A closer look at five major theoretical approaches to neoliberalism

The original title of this piece was Riding the Wave: Structure, hegemony, and agency in neoliberal deconstruction

Let us define the cycle, then, as a continuing shift in national involvement, between public purpose and private interest.

—Arthur M. Schlesinger, The Cycles of American History

This blog seeks to determine whether the assumptions contained in Commanding Heights: The Battle for the World Economy (Part 1) lend themselves to a useful interpretation of the nature and forces driving neoliberalism with reference to the structure-agency problem. The analysis takes on three dimensions: the first consists in examination of those conceptual frameworks presented in the documentary; the second compares the heuristic tools explored in the text with ideational, Marxist, Foucauldian, human geography/processual and institutional accounts by means of a critique; and the third traces the dilemma of structure and agency through each school in order that a synthesis is appraised. The paper concludes that Commanding Heights does not provide a useful account of neoliberalism to the extent the show’s producers and participants fail to account for ‘actually existing neoliberalism’ and its derivative hegemony.

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Reconciling Foucault’s ‘universal reign of the normative’ with Heller’s ‘awareness of contingency’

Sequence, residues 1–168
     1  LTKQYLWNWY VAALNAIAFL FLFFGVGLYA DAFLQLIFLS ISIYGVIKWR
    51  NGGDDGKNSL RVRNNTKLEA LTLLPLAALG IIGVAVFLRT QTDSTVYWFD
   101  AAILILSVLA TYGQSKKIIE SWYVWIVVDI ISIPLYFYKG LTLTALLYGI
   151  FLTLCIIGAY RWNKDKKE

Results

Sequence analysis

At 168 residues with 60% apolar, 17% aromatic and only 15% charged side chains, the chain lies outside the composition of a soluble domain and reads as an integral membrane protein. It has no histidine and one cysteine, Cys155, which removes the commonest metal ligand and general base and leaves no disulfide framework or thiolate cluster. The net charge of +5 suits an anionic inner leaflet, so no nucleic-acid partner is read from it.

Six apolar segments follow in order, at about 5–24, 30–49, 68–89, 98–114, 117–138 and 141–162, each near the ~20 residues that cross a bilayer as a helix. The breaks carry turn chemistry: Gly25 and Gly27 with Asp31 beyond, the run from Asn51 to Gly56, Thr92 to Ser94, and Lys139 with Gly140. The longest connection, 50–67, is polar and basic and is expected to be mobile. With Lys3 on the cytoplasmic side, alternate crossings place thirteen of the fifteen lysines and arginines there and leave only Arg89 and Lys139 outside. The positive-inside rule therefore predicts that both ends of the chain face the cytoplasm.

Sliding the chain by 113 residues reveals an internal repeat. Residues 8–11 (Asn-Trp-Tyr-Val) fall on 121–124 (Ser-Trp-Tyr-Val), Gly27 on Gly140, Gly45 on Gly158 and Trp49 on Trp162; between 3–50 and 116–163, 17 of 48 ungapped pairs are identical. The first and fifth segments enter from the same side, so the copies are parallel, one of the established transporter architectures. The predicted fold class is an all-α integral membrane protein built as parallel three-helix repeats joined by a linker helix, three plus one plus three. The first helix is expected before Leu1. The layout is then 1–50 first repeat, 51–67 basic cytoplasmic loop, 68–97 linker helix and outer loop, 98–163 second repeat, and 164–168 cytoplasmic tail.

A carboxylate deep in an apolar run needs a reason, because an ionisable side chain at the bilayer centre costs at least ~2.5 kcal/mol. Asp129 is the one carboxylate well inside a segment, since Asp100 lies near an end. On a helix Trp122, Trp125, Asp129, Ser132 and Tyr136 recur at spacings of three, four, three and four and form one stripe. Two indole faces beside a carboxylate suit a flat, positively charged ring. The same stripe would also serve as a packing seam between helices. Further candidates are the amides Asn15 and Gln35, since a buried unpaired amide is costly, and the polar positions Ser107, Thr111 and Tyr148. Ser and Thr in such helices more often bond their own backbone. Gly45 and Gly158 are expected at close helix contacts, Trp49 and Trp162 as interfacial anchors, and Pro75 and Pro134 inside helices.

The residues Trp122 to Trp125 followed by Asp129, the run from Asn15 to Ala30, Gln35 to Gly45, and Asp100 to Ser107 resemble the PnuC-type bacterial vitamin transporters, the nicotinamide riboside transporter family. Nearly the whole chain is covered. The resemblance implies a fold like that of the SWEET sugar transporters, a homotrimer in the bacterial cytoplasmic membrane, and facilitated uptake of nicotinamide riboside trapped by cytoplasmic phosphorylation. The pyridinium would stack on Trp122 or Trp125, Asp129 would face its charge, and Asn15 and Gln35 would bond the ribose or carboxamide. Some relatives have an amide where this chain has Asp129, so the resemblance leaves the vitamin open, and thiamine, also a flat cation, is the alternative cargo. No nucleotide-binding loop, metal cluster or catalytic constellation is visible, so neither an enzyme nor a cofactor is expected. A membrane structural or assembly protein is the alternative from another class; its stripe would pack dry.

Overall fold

Foucault speaks of the ‘universal reign of the normative’ as characteristic of modernity while Heller argues it is characterised by a ‘growing awareness of contingency’. What do these authors mean by these characterisations and is it possible to reconcile these two evaluations?


Power, progress, personhood:

Beyond the antinomies of freedom


Can the modern individual capture subjectivity without sacrificing freedom? If so, how? This paper seeks to show that, in synthesising the works of Agnes Heller and Michel Foucault, one can begin to answer said questions in a non-totalising, non-normalising manner. The main proposition is that the intentions of Heller and Foucault, hermeneutically speaking, follow a reconcilable sequence of reasoning—through the mechanisms of power and progress—to a cumulative theory of personhood, centred around issues of ‘otherness’ beyond the antinomies of freedom. In the analysis that follows, contradictions are drawn from the respective texts in question before points of convergence are located and the two philosophies are shown to be, upon closer reading, reconcilable.

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